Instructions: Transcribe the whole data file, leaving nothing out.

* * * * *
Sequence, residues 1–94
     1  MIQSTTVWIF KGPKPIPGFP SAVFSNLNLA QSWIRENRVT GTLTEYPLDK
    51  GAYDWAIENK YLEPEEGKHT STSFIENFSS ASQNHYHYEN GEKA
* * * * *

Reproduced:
Sequence, residues 1–94
     1  MIQSTTVWIF KGPKPIPGFP SAVFSNLNLA QSWIRENRVT GTLTEYPLDK
    51  GAYDWAIENK YLEPEEGKHT STSFIENFSS ASQNHYHYEN GEKA